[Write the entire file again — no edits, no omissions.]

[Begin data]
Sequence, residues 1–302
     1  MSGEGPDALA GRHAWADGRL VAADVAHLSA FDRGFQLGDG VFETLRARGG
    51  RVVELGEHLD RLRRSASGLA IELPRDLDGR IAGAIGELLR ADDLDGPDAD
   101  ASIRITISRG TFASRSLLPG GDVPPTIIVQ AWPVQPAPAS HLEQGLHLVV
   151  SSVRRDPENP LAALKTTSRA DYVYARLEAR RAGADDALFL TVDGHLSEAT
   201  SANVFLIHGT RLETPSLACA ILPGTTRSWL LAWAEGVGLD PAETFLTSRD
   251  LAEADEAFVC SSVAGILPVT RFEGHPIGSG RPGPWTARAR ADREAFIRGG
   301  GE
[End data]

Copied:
Sequence, residues 1–302
     1  MSGEGPDALA GRHAWADGRL VAADVAHLSA FDRGFQLGDG VFETLRARGG
    51  RVVELGEHLD RLRRSASGLA IELPRDLDGR IAGAIGELLR ADDLDGPDAD
   101  ASIRITISRG TFASRSLLPG GDVPPTIIVQ AWPVQPAPAS HLEQGLHLVV
   151  SSVRRDPENP LAALKTTSRA DYVYARLEAR RAGADDALFL TVDGHLSEAT
   201  SANVFLIHGT RLETPSLACA ILPGTTRSWL LAWAEGVGLD PAETFLTSRD
   251  LAEADEAFVC SSVAGILPVT RFEGHPIGSG RPGPWTARAR ADREAFIRGG
   301  GE